After months of being pegged as an OSU lean during the recruiting process, Coleman summoned a meeting of Tressel, safeties coach Paul Haynes and former cornerbacks coach Tim Beckman in June 2005 with something on his mind.
"I told Coach Tressel that I wanted to see him and Haynes Beckman in his office," Coleman told BSB at the time. "My parents and I went in there and I told everyone that I wanted to be a Buckeye."
With that, Coleman spurned scholarship offers from a number of schools, including most Big Ten teams and national programs such as Tennessee, Georgia Tech and Boston College. However, the stiffest competition came from Iowa, a place Coleman visited before choosing the Buckeyes.
"I would say Ohio State was always No. 1, but there was always someone right there with them," Coleman said. "For instance, Iowa – I was considering them just as much as Ohio State, but Ohio State definitely won it for me."
After committing, Coleman would embark on an OSU career in which he excelled on and off the field. Coleman finished his Buckeye career as an All-American, an All-Big Ten selection and team captain, making 219 tackles and nine interceptions during his career.
Ohio State saw such promise when he suited up in high school at Clayton Northmont. Coleman excelled his junior season of 2004, first appearing on the radar when he had three interceptions against Springfield South. Later that year, he sent three Piqua players to the sideline, and a tape of his exploits was sent to the OSU coaching staff during March 2005.
"They got the video on like a Wednesday night," Coleman said in the summer of 2005. "They offered on a Thursday."
That turned out to be a smart choice. Before finishing his prep career, Coleman earned two All-Ohio honors, excelling on defense and offense as well as in the return game.
That versatility would later serve Coleman well, as the marauding safety OSU fans came to know didn't start as a safety at all. After enrolling early, Coleman began his Ohio State career in 2006 playing cornerback, a position he said he could see himself playing during his recruitment.
As a freshman on the 2006 that went undefeated during the regular season, Coleman found a way to make an impact. His biggest play came when he blocked a field goal in the first quarter of the Buckeyes' win against Bowling Green, and Coleman ended up playing in 12 of 13 games, mostly on special teams, and making nine tackles.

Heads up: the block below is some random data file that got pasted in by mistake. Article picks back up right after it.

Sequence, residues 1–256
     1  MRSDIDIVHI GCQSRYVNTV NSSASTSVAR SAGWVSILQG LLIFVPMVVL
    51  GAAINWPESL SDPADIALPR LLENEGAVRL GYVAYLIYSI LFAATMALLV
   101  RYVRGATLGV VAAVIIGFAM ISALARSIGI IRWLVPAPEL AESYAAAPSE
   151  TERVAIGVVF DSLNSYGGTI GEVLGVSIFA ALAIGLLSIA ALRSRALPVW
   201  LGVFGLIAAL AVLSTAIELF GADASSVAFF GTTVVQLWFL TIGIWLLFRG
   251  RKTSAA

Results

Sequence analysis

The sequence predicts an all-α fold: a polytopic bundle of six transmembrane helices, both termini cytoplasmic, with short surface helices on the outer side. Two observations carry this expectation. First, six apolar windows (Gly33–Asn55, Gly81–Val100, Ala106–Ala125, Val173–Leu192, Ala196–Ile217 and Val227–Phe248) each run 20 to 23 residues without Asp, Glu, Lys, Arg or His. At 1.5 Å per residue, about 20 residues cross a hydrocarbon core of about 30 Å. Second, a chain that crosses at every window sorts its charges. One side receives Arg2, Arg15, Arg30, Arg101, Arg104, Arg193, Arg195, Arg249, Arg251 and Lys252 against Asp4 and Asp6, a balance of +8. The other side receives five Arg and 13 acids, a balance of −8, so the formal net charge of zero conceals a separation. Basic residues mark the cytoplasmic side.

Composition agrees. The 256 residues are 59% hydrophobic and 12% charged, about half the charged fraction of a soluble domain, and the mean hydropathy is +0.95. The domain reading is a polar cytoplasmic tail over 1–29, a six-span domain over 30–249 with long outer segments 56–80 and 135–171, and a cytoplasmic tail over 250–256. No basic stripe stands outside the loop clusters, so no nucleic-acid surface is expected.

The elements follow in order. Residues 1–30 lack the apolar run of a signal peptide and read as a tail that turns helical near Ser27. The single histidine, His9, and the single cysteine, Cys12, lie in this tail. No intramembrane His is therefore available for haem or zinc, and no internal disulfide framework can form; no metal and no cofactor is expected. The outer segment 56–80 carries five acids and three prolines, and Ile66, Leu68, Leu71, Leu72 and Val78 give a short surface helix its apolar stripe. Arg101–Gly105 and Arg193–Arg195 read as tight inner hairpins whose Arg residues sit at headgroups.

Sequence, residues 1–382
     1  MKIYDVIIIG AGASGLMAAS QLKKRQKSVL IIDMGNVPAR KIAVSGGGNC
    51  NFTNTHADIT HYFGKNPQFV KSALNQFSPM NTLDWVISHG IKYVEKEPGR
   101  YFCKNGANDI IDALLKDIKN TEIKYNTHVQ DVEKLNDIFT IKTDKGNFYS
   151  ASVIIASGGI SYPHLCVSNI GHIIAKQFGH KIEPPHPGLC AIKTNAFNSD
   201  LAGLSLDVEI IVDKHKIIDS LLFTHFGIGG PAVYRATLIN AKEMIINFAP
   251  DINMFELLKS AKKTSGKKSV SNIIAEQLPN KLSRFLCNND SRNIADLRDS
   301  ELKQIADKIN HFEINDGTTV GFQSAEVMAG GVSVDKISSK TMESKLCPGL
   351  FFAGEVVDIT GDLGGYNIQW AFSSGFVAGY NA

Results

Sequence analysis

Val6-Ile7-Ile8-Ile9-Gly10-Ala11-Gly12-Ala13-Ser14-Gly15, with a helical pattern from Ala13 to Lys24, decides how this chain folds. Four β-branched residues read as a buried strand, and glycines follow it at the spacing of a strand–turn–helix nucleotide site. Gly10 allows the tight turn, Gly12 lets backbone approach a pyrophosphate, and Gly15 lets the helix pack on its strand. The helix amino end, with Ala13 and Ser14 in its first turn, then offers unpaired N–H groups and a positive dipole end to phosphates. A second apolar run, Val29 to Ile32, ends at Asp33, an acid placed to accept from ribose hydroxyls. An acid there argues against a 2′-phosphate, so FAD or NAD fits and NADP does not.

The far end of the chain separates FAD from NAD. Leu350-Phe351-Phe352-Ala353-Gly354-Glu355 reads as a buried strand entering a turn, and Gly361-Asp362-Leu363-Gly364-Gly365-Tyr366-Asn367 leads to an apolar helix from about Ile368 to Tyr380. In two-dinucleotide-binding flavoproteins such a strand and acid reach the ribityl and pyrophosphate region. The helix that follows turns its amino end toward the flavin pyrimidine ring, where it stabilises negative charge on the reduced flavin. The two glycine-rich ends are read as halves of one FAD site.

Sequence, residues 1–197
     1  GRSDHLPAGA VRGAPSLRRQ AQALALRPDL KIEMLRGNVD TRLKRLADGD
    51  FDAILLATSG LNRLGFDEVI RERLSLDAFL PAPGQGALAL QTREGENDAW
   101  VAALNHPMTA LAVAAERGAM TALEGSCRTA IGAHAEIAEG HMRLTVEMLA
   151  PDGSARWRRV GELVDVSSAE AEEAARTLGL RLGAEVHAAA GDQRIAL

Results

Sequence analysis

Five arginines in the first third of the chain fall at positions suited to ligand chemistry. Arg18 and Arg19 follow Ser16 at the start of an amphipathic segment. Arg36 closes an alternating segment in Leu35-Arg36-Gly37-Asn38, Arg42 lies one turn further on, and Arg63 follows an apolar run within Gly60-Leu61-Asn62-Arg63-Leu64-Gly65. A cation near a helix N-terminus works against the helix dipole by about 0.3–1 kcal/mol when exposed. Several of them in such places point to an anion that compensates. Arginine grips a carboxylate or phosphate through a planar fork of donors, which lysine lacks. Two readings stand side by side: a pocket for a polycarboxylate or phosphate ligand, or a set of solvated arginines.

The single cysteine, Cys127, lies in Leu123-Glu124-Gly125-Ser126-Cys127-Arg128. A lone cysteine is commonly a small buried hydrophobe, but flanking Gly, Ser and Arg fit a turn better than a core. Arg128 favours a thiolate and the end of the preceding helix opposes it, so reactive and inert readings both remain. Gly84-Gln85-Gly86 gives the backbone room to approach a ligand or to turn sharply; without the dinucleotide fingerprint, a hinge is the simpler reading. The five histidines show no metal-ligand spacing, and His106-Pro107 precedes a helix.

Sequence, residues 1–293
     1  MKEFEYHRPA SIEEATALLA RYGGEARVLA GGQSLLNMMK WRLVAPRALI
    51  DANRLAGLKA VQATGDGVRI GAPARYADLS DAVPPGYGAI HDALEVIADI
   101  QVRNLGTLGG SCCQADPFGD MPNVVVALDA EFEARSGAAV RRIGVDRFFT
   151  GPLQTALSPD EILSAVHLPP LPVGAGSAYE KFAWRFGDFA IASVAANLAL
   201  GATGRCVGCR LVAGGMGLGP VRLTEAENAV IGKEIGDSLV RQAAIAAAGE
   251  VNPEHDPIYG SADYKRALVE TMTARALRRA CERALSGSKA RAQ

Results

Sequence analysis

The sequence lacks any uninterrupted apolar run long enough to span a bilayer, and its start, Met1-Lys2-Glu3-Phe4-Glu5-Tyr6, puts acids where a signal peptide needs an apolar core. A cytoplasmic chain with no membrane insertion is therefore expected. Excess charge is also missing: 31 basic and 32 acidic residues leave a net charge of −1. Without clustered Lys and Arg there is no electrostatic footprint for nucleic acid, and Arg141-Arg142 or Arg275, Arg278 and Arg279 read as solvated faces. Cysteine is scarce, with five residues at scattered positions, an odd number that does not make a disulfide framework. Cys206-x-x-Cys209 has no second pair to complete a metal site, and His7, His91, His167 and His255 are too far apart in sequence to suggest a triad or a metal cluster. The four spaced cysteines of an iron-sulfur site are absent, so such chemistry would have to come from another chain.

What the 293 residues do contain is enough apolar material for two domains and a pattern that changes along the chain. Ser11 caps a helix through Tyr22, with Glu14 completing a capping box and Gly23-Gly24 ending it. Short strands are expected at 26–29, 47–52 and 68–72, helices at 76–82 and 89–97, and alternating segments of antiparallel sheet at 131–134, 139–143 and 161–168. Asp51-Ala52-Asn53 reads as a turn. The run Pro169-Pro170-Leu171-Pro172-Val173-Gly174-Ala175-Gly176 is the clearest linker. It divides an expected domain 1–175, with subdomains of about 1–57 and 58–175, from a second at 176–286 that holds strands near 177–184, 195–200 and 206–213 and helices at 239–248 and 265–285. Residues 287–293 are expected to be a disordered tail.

"Personally I loved it," he said of playing as a freshman. "It was fun to get out there and get game-time experience when we got up by a lot. Some people don't really value that, but I really did. I think it really helped me going into my spring and then the following year."
The next season, Ohio State had a hole at safety, and Coleman was quick to move to the position and slide into the lineup. He spent all of camp paired at safety with fellow sophomore Anderson Russell, drawing the attention of his new position coach.
"He's very instinctive," Haynes said. "It's something that is not taught. I can't take credit for it. It's something that he has. He just has it. When a kid has that, he can play a little bit more confident. I can't sit there and say what it is. I know he's very instinctive, and he has good range, too. He puts himself into position to make plays."
Coleman had that reputation as a playmaker all the way back to his high school days, and though he had 64 tackles as a sophomore in 2007, he finished with only one forced fumble and a sack to go with no fumble recoveries or interceptions. The demanding defensive back was not pleased with that showing despite drawing rave reviews from onlookers.
"I was so disappointed in myself," Coleman said after the season. "I think I'm my biggest critic. You have to make big plays. I knew I didn't make them and this year I'm looking forward to it. I know what I can do and what I can't do, and I can make plays."
Still, there was no denying Coleman was becoming more and more comfortable on the field. He made 32 tackles over the team's first seven games but said things didn't really start to make sense on the field until the team's eighth game against Michigan State.
"Everything clicked," he said. "I could make the reads. I made the plays that I needed to make and it was really fun out there."
From there, Coleman saved some of his best games for last. Though the Buckeyes dropped a Senior Day game to Illinois, Coleman was named the team's defensive player of the game. In the national title game against LSU, Coleman made a career-high 10 stops.
He picked up where he left off – and then some – in 2008. Coleman missed the opening two games with an ankle injury but quickly established himself as a force to be reckoned with, making two interceptions in his second game back against Troy. He ended the season with 78 tackles and four interceptions, making big picks in road games against Michigan State and Illinois.